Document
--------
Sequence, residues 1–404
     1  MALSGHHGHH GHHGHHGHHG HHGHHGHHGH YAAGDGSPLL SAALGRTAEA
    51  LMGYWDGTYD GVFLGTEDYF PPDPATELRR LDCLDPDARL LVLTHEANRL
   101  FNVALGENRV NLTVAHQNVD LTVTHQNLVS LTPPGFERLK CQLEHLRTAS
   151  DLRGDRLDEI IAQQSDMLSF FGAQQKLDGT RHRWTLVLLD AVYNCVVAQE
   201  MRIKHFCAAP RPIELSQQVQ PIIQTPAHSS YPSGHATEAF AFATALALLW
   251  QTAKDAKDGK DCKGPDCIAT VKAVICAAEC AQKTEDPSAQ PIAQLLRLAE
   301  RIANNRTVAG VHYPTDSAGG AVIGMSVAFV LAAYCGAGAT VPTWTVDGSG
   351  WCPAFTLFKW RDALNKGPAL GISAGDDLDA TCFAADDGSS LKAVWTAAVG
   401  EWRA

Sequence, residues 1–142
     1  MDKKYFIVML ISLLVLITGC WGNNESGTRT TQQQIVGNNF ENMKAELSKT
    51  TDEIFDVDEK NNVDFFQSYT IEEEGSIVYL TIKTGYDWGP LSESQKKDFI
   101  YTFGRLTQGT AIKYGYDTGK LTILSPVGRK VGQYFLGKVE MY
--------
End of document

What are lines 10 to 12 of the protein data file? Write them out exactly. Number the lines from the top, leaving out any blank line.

   401  EWRA

Sequence, residues 1–142
     1  MDKKYFIVML ISLLVLITGC WGNNESGTRT TQQQIVGNNF ENMKAELSKT